RPCs, not unlike fundamental Christians, interpret the Bible as a logical, literal and divinely structured plan of how God wants the world to be organised patriarchally. A 2021 post outlines how RPCs believe that the Scripture was given to believers as a model of how “husbands and wives ought to interact”, citing Genesis 2:18 and 3:16 to add legitimacy to the belief that God designed “husbands to be leaders and wives to be helpers”. God “clearly commands men to be strong” in the Bible, as pointed out by a user in 2019. Taking the word ‘strong’ literally, RPCs believe they, as men, need to lift weights and be physically muscular. In 2019, one user wrote how aesthetics attained by lifting weights helps RPC men achieve their full sexual potential. This leads to a “better ability to pick her up, pin her down, and have sex in advanced positions,” the user explained. Through biblical inerrancy, RPCs justify their male supremacist views that are rooted in harmful versions of masculinity that tell men they need to be physically fit to be datable. Moreso, RPCs use the Bible to emphasise the necessity of women being subordinate to men, as this is how God’s will can be achieved. 

Another theme within the Reddit group is the fixation on women’s sexual history. According to RPCs’ interpretation of the Bible/teachings of God, women should be “virgins” who have had “no sexual experience”. Using an inerrant view of the Bible, RPCs can justify this dangerous view of women’s sexuality by understanding that sex before marriage is a sin; any woman who participates in this is “damaged goods”, according to multiple users. Patriarchal violence can further be legitimised via a literal interpretation of the Bible, evident in one interaction on Reddit in 2022 wherein a user called for stoning to be a punishment for adultery, noting a spouse is “as well as dead” for this behaviour. This inerrant view of the Bible is dangerous as it leaves no room for dialogue or alternative ways of life; God has provided the way to live, and God’s word is truth. In this way, RPCs use the Bible to justify their quest for a Christian patriarchy.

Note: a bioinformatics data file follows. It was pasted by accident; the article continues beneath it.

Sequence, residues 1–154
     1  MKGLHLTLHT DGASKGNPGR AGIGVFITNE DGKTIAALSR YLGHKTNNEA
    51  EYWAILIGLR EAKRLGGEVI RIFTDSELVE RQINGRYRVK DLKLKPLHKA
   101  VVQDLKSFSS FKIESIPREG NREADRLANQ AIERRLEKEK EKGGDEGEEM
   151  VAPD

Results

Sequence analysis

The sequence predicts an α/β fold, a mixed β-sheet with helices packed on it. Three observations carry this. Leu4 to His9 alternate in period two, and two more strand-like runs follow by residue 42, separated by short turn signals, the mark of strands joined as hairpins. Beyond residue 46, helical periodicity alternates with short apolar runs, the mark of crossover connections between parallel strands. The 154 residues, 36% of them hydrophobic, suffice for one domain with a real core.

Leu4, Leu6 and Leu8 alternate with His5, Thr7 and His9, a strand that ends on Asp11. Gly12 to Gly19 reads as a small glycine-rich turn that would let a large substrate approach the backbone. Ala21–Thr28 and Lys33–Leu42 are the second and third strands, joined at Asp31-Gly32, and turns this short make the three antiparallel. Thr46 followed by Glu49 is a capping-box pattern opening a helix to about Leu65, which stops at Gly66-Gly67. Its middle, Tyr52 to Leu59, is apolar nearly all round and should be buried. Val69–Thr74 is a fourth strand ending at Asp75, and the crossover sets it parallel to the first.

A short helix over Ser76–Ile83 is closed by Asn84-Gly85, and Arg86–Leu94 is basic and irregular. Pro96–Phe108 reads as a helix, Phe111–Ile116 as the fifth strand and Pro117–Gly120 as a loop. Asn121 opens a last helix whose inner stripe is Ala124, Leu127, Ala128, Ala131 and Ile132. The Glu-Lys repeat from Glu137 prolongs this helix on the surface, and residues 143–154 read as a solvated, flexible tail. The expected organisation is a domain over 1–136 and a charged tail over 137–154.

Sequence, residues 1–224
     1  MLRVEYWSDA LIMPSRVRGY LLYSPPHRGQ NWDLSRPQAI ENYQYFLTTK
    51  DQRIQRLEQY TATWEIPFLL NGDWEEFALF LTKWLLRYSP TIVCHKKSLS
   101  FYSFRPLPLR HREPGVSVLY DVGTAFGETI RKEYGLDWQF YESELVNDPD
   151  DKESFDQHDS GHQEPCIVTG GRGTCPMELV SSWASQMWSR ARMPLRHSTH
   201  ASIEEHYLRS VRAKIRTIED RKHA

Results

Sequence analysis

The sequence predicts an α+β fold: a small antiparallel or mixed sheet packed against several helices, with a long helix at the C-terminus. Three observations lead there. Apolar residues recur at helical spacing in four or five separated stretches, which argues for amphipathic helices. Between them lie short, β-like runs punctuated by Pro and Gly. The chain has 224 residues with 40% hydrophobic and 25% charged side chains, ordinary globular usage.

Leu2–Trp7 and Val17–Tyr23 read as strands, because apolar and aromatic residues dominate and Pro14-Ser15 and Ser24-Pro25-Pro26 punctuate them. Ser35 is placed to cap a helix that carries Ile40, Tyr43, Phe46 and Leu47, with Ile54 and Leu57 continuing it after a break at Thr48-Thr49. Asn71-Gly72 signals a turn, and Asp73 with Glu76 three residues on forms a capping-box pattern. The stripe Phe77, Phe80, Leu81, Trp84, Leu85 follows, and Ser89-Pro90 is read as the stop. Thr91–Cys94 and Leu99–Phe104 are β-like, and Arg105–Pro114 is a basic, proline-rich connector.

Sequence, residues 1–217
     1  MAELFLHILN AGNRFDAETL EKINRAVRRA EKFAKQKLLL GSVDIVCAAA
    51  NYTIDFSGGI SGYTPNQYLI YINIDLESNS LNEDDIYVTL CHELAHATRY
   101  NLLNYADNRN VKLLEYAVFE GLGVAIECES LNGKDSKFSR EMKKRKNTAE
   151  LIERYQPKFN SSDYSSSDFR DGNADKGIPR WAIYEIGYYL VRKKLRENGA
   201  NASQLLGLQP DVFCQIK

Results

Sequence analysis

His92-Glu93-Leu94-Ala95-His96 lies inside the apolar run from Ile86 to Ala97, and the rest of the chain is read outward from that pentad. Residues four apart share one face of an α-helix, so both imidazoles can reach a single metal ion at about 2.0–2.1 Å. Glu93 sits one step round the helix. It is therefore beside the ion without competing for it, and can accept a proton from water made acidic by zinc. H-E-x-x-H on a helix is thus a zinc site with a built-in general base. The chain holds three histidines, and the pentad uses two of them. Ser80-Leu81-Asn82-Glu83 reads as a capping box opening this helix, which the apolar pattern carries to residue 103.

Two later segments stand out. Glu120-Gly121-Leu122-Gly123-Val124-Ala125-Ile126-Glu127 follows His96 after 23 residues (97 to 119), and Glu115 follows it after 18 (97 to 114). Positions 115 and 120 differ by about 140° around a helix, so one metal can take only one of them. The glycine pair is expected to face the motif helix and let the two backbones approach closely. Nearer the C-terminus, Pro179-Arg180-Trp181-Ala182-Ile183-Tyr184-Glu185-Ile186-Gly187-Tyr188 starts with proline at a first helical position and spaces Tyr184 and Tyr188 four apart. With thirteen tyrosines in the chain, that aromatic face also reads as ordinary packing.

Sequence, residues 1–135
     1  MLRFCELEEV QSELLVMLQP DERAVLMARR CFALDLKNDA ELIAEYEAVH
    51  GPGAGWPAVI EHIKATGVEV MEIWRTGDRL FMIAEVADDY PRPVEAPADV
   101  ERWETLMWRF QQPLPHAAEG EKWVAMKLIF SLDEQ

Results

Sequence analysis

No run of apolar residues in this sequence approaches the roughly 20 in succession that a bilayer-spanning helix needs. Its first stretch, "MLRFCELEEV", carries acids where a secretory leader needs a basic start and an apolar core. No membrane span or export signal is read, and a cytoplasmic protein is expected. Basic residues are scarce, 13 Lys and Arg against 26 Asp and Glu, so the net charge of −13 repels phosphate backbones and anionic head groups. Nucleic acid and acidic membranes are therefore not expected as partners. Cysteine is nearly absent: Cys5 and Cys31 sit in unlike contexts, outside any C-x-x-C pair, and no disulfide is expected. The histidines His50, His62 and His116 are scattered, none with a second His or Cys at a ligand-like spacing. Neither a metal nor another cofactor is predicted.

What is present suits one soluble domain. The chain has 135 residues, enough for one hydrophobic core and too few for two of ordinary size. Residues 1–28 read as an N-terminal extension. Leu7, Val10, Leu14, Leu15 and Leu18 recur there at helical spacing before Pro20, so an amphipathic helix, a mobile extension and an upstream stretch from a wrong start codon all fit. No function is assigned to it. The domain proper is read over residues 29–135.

RPC men are trying to follow the word of God but find they are struggling to do this well with “normie-tier programming” and “unbiblical enlightenment-derived liberal presuppositions.” One way of reclaiming their power as men is to move away from their current church due to its accepting stance of women, feminist ideals of equality and LGBTQIA+ folk. One user calls for “true” Churches to exist and congregate in the home, becoming insular to avoid the nefarious influences of feminism and teach the “true” Red Pill version of the sacred text. 

Reinstating a Golden Age of Christian Patriarchy

Using the language of restoration as opposed to revolution, RPCs articulate a nostalgia for an ideal past where men were guaranteed sex via marriage. RPCs believe that the hierarchical gendered structure of society must be restored to the way laid out in the Judeo-Christian tradition. Their utopia is one where women are subservient wives uninterested in liberation, instead preoccupied with biblical traditions which uphold men’s power. One user outlines the simple pieces of living by God’s mission: